1. ^ Costa, Elisenda; Garcés, Miguel; Sáez, Alberto; Cabrera, Lluís; López-Blanco, Miguel (15 February 2011). "The age of the "Grande Coupure" mammal turnover: New constraints from the Eocene–Oligocene record of the Eastern Ebro Basin (NE Spain)". Palaeogeography, Palaeoclimatology, Palaeoecology. 301 (1–4): 97–107. Bibcode:2011PPP...301...97C. doi:10.1016/j.palaeo.2011.01.005. hdl:2445/34510. Retrieved 25 August 2022.
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  4. ^ "Russia's Popigai Meteor Crash Linked to Mass Extinction". June 16, 2014.
  5. ^ Villa, Giuliana; Fioroni, Chiara; Persico, Davide; Roberts, Andrew P.; Florindo, Fabio (20 December 2013). "Middle Eocene to Late Oligocene Antarctic glaciation/deglaciation and Southern Ocean productivity". Paleoceanography and Paleoclimatology. 29 (3): 223–237. doi:10.1002/2013PA002518. Retrieved 17 March 2023.
  6. ^ Cappelli, C.; Bown, P. R.; Westerhold, T.; Bohaty, S. M.; De Riu, M.; Loba, V.; Yamamoto, Y.; Agnini, C. (15 November 2019). "The Early to Middle Eocene Transition: An Integrated Calcareous Nannofossil and Stable Isotope Record From the Northwest Atlantic Ocean (Integrated Ocean Drilling Program Site U1410)". Paleoceanography and Paleoclimatology. 34 (12): 1913–1930. doi:10.1029/2019PA003686. Retrieved 17 March 2023.
  7. ^ Hutchinson, David K.; Coxall, Helen K.; Lunt, Daniel J.; Steinthorsdottir, Margret; De Boer, Agatha M.; Baatsen, Michiel; Von der Heydt, Anna; Huber, Matthew; Kennedy-Asser, Alan T.; Kunzmann, Lutz; Ladant, Jean-Baptiste; Lear, Caroline H.; Moraweck, Karolin; Pearson, Paul N.; Piga, Emanuela; Pound, Matthew J.; Salzmann, Ulrich; Scher, Howie D.; Sijp, Willem P.; Śliwińska, Kasia K.; Wilson, Paul A.; Zhang, Zhongshi (28 January 2021). "The Eocene–Oligocene transition: a review of marine and terrestrial proxy data, models and model–data comparisons". Climate of the Past. 17 (1): 269–315. doi:10.5194/cp-17-269-2021. Retrieved 17 March 2023.
  8. ^ Pearson, Paul N.; Foster, Gavin L.; Wade, Bridget S. (13 September 2009). "Atmospheric carbon dioxide through the Eocene–Oligocene climate transition". Nature. 461: 1110–1113. doi:10.1038/nature08447. Retrieved 17 March 2023.
  9. ^ a b c d Ladant, Jean-Baptiste; Donnadieu, Yannick; Lefebvre, Vincent; Dumas, Christophe (11 August 2014). "The respective role of atmospheric carbon dioxide and orbital parameters on ice sheet evolution at the Eocene-Oligocene transition". Paleoceanography and Paleoclimatology. 29 (8): 810–823. doi:10.1002/2013PA002593. Retrieved 17 March 2023.
  10. ^ Galeotti, Simone; Deconto, Robert; Naish, Timothy; Stocchi, Paolo; Florindo, Fabio; Pagani, Mark; Barrett, Peter; Bohaty, Steven M.; Lanci, Luca; Pollard, David; Sandroni, Sonia; Talarico, Franco M.; Zachos, James C. (10 March 2016). "Antarctic Ice Sheet variability across the Eocene-Oligocene boundary climate transition". Science. 352 (6281): 76–80. doi:10.1126/science.aab0669. Retrieved 17 March 2023.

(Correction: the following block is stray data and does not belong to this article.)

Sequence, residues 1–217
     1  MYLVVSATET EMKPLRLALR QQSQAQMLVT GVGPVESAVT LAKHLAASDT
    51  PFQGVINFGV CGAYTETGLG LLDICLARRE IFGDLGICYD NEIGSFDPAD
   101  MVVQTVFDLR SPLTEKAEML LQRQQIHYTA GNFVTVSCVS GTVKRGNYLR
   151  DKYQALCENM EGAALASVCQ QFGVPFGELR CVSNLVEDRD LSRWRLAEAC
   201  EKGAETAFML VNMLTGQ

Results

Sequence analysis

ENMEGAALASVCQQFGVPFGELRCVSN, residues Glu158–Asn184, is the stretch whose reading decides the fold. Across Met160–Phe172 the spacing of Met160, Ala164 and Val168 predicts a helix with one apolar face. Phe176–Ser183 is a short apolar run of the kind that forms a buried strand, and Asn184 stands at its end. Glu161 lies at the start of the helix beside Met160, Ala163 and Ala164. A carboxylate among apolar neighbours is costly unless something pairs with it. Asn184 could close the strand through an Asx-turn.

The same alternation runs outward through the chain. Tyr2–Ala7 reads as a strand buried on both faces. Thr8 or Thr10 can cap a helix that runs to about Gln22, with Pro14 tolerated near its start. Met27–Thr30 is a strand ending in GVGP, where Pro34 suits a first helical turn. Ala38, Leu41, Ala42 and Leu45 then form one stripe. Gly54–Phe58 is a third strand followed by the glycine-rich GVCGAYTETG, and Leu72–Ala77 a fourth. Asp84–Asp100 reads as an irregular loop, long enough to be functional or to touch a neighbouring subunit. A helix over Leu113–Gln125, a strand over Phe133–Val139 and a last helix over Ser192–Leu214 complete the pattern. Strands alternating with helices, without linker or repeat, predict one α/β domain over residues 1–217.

11. ^ Wilson, Douglas S.; Luyendyk, Bruce P. (25 August 2009). "West Antarctic paleotopography estimated at the Eocene-Oligocene climate transition". Geophysical Research Letters. 36 (16): 1–4. doi:10.1029/2009GL039297. S2CID 163074. Retrieved 8 December 2022.
  12. ^ Zachos, James C.; Quinn, Terrence M.; Salamy, Karen A. (1996-06-01). "High-resolution (104 years) deep-sea foraminiferal stable isotope records of the Eocene-Oligocene climate transition". Paleoceanography and Paleoclimatology. 11 (3): 251–266. Bibcode:1996PalOc..11..251Z. doi:10.1029/96PA00571. ISSN 1944-9186. Retrieved 17 March 2023.
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  15. ^ also termed the MP 21 event.
  16. ^ Called "dispersal-generated origination" in Hooker et al. 2004
  17. ^ Stehlen, H.G. (1910). "Remarques sur les faunules de Mammifères des couches eocenes et oligocenes du Bassin de Paris". Bulletin de la Société Géologique de France. 4 (9): 488–520.
  18. ^ a b Hooker, J.J.; Collinson, M.E.; Sille, N.P. (2004). "Eocene-Oligocene mammalian faunal turnover in the Hampshire Basin, UK: calibration to the global time scale and the major cooling event" (PDF). Journal of the Geological Society. 161 (2): 161–172. Bibcode:2004JGSoc.161..161H. doi:10.1144/0016-764903-091. S2CID 140576090.
  19. ^ A major cooling event preceded the Grande Coupure, based on pollen studies in the Paris Basin conducted by Chateauneuf (J.J. Chateauneuf, 1980. "Palynostratigraphie et paleoclimatologie de l'Éocene superieur et de l'Oligocene du Bassin de Paris (France)" in Mémoires du Bureau de Recherches Géologiques et Minières, 116 1980).
  20. ^ Köhler, M; Moyà-Solà, S (December 1999). "A finding of Oligocene primates on the European continent". Proceedings of the National Academy of Sciences of the United States of America. 96 (25): 14664–7. Bibcode:1999PNAS...9614664K. doi:10.1073/pnas.96.25.14664. ISSN 0027-8424. PMC 24493. PMID 10588762. Retrieved 17 March 2023.
  21. ^ Zhang, R.; Kravchinsky, V.A.; Yue, L. (21 May 2012). "Link between Global Cooling and Mammalian Transformation across the Eocene-Oligocene Boundary in the Continental Interior of Asia]". International Journal of Earth Sciences. 101 (8): 2193–2200. Bibcode:2012IJEaS.101.2193Z. doi:10.1007/s00531-012-0776-1. S2CID 55409146. Retrieved 17 March 2023.
  22. ^ Li, Y. X.; Jiao, W. J.; Liu, Z. H.; Jin, J. H.; Wang, D. H.; He, Y. X.; Quan, C. (2016-02-11). "Terrestrial responses of low-latitude Asia to the Eocene–Oligocene climate transition revealed by integrated chronostratigraphy". Climate of the Past. 12 (2): 255–272. Bibcode:2016CliPa..12..255L. doi:10.5194/cp-12-255-2016. ISSN 1814-9332.